Daniel O’Neil, Smart Chicago Collaborative executive director, said the IRS might get some takers. “It’s not an immense amount of money, but it’s certainly a great amount for people who are doing a nights-and-weekends project,” he said.
Smart Chicago, a tech-based organization in the Windy City, tracks information from Chicago law enforcement – “the entire flow, from the commission of a crime to the person going to jail,” says Dan X. O’Neil, its executive director. “The impetus was that the city of Chicago publishes an enormous amount of crime data” that can be used to examine trends, The organization is also teaching computer coding and website development to kids in “neighborhoods most affected by violence and crime,” he adds. “That, we think, is one solution to mass incarceration and hopelessness and crime.”
My role was to take part in the conceptual model of OpenGrid, working with City technology officials to plan the work, and help manage the work of the Smart Chicago tech consultant, Uturn Data Solutions.
Here’s a snip from the launch coverage in the Harvard Data-Smart City Solutions piece on the launch:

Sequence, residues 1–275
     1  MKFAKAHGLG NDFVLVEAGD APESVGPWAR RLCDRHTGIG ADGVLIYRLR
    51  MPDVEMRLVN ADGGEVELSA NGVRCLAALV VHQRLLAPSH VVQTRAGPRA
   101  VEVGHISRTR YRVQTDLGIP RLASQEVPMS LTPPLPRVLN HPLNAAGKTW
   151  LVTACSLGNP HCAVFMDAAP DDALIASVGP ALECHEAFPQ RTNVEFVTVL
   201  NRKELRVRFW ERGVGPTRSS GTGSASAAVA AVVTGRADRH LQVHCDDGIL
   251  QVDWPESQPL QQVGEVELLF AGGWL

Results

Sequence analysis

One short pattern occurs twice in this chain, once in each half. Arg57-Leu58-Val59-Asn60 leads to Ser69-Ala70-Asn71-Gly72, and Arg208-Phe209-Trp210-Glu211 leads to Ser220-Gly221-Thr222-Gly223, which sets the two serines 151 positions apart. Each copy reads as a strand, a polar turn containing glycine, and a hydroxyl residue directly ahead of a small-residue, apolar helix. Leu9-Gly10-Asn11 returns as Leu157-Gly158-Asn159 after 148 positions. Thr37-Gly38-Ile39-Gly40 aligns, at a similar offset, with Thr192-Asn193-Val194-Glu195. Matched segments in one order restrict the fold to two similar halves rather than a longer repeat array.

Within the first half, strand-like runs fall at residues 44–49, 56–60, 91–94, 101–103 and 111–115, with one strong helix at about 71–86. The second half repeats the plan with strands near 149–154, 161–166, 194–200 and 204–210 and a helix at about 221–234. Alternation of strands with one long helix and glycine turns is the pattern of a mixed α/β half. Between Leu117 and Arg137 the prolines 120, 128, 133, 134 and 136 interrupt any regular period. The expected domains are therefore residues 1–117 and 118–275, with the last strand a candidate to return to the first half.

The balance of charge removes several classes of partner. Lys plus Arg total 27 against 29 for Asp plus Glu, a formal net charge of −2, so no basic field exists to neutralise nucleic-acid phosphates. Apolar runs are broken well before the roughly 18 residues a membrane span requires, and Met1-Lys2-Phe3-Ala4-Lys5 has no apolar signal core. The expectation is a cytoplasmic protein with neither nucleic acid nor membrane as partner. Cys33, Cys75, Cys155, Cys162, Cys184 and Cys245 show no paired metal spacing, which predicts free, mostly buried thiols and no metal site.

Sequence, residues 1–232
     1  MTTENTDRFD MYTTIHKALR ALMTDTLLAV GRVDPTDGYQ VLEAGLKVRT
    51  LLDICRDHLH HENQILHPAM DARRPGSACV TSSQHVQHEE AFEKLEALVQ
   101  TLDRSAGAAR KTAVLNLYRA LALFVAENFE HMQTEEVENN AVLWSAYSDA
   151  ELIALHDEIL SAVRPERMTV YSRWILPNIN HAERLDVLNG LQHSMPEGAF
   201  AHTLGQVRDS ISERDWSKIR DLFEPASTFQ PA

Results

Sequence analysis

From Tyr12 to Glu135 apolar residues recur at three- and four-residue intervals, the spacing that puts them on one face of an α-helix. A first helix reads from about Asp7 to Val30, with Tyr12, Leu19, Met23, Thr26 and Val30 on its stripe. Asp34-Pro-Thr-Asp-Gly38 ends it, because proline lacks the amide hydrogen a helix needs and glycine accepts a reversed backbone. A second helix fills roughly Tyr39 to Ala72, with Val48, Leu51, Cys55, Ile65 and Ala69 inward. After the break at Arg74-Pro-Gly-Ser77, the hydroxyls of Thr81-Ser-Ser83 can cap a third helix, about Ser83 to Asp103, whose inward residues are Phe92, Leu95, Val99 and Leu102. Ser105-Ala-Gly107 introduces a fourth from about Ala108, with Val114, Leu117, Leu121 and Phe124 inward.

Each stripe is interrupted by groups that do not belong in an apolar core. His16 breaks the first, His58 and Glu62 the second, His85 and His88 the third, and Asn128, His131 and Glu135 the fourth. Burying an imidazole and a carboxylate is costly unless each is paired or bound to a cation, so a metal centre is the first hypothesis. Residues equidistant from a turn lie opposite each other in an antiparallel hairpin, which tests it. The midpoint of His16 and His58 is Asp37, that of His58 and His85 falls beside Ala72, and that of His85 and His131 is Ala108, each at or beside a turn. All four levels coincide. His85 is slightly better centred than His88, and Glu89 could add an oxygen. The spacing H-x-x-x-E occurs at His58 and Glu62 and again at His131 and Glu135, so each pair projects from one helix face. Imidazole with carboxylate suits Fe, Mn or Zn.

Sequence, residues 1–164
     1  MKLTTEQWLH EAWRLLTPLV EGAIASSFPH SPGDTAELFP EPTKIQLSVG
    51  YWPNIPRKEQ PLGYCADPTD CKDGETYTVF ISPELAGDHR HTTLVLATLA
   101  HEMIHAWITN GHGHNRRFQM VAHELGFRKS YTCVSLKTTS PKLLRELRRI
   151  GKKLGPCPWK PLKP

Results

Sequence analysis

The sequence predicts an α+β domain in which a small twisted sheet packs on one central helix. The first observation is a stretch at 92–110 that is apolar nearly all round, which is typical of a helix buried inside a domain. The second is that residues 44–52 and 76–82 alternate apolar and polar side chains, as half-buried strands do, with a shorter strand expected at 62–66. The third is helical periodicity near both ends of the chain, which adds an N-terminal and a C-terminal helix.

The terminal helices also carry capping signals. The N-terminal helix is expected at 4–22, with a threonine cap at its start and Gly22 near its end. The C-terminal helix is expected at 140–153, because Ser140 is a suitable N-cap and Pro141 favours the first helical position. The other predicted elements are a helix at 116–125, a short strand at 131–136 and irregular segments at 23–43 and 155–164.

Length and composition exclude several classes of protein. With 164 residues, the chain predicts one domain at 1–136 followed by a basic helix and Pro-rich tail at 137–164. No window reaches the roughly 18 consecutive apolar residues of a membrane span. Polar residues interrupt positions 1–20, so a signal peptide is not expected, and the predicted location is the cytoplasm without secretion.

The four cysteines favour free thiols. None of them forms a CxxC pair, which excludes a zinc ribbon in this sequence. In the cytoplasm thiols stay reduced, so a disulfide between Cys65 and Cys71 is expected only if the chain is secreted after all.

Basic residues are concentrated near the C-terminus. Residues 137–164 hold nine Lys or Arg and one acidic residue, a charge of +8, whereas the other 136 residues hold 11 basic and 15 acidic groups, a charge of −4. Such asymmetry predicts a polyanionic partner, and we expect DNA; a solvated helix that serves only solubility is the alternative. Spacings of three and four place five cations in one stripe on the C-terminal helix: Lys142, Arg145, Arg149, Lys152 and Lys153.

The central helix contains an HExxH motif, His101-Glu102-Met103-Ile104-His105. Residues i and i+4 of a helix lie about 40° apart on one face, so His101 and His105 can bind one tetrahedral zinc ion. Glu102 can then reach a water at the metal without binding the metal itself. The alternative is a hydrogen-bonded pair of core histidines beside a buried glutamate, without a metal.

“A collaborative union between developers, residents, and government – that’s what Smart Chicago is about, and that’s what OpenGrid is about too,” O’Neil noted at the application’s launch. “This is why we’re on it.” To build the service layer, Smart Chicago commissioned UTurn Data Solutions, a local IT consultancy focused data storage and Cloud computing projects.
Dan O’Neil, executive director of the Smart Chicago Collaborative, which assisted on the project, reminded developers that tools such as OpenGrid are a first step. He pointed out that despite Chicago’s advances in open data, problems such as police misconduct have arguably gotten worse.
“There are no dots on a map that stopped that from happening,” O’Neil said. “There is no set of crime statistics that stopped that from happening. We have to find ways to have communion with people who are not here.”
Today I spoke of the failure of civic tech to keep up with advances in the real world around civic engagement. Here’s a snip:
Dan X. O’Neil ⇒, executive director of the Smart Chicago Collaborative, suggested that civic tech would be improved by its leaders spending more time with activists and organizers to learn about their experiences and draw ideas for new tools and services from those conversations.
“I don’t see a direct connection between the people on the streets and the people making tech tools,” he said.